These are not minor disturbances. Germany is aware that it cannot leave Russia out in the cold, no matter how much Washington might wish otherwise. It is also aware that with China’s trans-Eurasian Belt and Road initiative racing ahead, it cannot afford to turn its back on a new avenue in world trade.
Such attitudes are not confined to the political elite. On the contrary, a poll of 15,000 people in 11 European countries last November and December found that 60% favour neutrality with regard to China, 59% favour neutrality with regard to Russia, while 48% of respondents in France, 43% in Italy, 38% in Germany and 27% in Great Britain favour a tougher stance towards America on economic issues. Sixty percent, moreover, think China will emerge as the world’s leading superpower in the coming decade, while 61% say that the entire American political system is broken - and this was before the January 6 mob assault on the US Capitol.3
In other words, Biden may say America is back, but reality suggests otherwise. The more he pounds his frail and skinny chest, the more off-putting the performance becomes.
What is going on? Simply that American power is indeed slipping, and while Democrats would like to put the blame on Trump, it is clear that the process began years before. Indeed, it goes back a full generation to the 1991 Gulf War, when an American-led coalition devastated an Iraqi army equipped with the latest Soviet military equipment and, in the process, triggered the final collapse of the USSR. Richard Nixon wrote that “not just the Soviet military, but the political leaders, were shocked by our brilliant and quick military victory in the Gulf”, while Saddam Hussein, for one, predicted that a unipolar world was on its way, with the US firmly in the lead.4
That was the high point. But from then on it was all downhill. The US suffered a bloody nose on 9/11, which George W Bush and Tony Blair made a thousand times worse with their inept and duplicitous response. By 2003, the United States thus found itself bogged down in classic quagmires in Afghanistan and Iraq. Eight years later, Barack Obama compounded the damage by allowing secretary of state Hillary Clinton to organise a Nato air war that would reduce Libya to misery and chaos; to work with Saudi Arabia to arm and finance a jihadi invasion that would have the same effect in Syria; and finally, in March 2015, to join with the Saudis in launching an air war against Yemen that would result in the worst humanitarian crisis in the world. According to the latest UN projections, nearly 2.3 million children under the age of five will suffer acute malnutrition in 2021 due to the war and 400,000 may well die if emergency relief is not forthcoming.5
These are the highest levels of acute malnutrition since the war began. Yet Biden thinks he can undo the damage and turn the clock back to the halcyon 1990s merely by jawboning - an idea that could not be more ludicrous. Chinese power is mushrooming, Russia has shown itself to be a deft and nimble actor on the world stage, while a recent 25-year cooperation agreement between China and Iran could well prove to be a Middle East game-changer. Regardless, a top-ranking US admiral is still calling for a $23 billion, five-year naval build-up in the eastern Pacific, even though the effect would be to render the US more vulnerable to Chinese “carrier-killer missiles” rather than less.6 Since all it takes is one two-stage, solid-fuel, medium-range ballistic missile like the Dong-Feng 21 to set off a conflagration, the United States could well be blundering into disaster.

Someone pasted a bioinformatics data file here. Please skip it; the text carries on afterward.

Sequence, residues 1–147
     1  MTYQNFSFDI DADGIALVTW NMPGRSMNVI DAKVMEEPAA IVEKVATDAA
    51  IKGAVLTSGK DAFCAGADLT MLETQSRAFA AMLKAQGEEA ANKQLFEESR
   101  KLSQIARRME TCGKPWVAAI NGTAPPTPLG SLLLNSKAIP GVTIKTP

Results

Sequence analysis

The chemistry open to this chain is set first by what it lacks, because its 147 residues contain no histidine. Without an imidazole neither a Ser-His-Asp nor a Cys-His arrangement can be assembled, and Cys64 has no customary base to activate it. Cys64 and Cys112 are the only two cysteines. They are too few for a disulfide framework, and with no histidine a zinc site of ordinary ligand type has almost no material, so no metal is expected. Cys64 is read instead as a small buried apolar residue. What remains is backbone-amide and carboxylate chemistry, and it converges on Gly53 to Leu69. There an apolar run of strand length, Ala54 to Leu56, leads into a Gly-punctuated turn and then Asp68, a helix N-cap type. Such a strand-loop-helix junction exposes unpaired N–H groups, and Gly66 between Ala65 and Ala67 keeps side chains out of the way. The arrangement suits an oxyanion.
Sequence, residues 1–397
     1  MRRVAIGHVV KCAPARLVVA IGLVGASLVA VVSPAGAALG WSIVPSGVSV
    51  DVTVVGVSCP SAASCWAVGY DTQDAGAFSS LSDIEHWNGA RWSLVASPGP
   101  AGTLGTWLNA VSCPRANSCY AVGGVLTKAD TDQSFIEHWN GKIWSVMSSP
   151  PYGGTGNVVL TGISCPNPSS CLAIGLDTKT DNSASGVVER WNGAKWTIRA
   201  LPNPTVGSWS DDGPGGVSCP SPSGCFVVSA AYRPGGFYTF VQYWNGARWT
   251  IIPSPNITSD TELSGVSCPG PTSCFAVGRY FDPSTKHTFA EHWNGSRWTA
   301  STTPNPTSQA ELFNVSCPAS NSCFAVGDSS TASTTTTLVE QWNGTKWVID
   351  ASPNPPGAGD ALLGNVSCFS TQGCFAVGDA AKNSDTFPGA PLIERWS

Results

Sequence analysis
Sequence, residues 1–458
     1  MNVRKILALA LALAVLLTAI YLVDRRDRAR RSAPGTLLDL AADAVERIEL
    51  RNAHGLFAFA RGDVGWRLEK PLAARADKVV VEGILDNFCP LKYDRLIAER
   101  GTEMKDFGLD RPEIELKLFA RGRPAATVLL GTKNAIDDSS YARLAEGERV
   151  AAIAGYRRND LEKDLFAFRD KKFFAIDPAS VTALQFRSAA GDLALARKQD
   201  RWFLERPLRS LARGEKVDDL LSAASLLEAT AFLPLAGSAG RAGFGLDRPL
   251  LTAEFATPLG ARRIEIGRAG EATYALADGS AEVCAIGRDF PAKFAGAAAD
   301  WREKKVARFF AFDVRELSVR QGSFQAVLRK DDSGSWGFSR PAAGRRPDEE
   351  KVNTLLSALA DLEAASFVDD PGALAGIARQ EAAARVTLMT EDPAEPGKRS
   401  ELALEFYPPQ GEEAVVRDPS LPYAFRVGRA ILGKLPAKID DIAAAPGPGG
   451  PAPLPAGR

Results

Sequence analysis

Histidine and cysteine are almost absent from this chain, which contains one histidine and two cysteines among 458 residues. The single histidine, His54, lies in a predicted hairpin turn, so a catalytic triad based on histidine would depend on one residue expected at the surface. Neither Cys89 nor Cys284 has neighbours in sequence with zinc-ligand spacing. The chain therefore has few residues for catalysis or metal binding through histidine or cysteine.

This is what happens when a global empire is stretched far and thin. Not only does defending distant outposts become increasingly difficult, but the rationale for doing so grows more and more strained. “Our alliances were created to defend shared values,” secretary of state Antony Blinken recently tweeted following a Nato meeting in Brussels. “Renewing our commitment requires reaffirming those values and the foundation of international relations we vow to protect: a free and open, rules-based order.”7 So is that why the US is now preparing to go to war - to protect ‘shared values’? Where once the US vowed to make the world safe for democracy, its new goal is to safeguard a rules-based order, whose primary purpose, as everyone knows, is to advance US economic interests.
As for China’s alleged genocidal campaign against the Uyghurs, the charges are based on flimsy evidence cooked up by ultra-rightists and Islamists linked with al Qa’eda.8 While no-one suggests that a Stalino-capitalist state like China is a model when it comes to minority rights, charges that it is seeking the ultimate solution as far as 12.8 million people in Xinjiang are concerned have more to do with propaganda and the threat of inflation than with anything resembling factual accuracy.
Biden’s relationship to the truth is as casual as Trump’s. As a result, the administration continues to barge ahead regardless. The more it does, the more it risks falling flat on its face.
See my article, ‘America’s Chernenko’ Weekly Worker March 25.↩︎
See my article, ‘Uyghurs: why now?’ Weekly Worker March 18.↩︎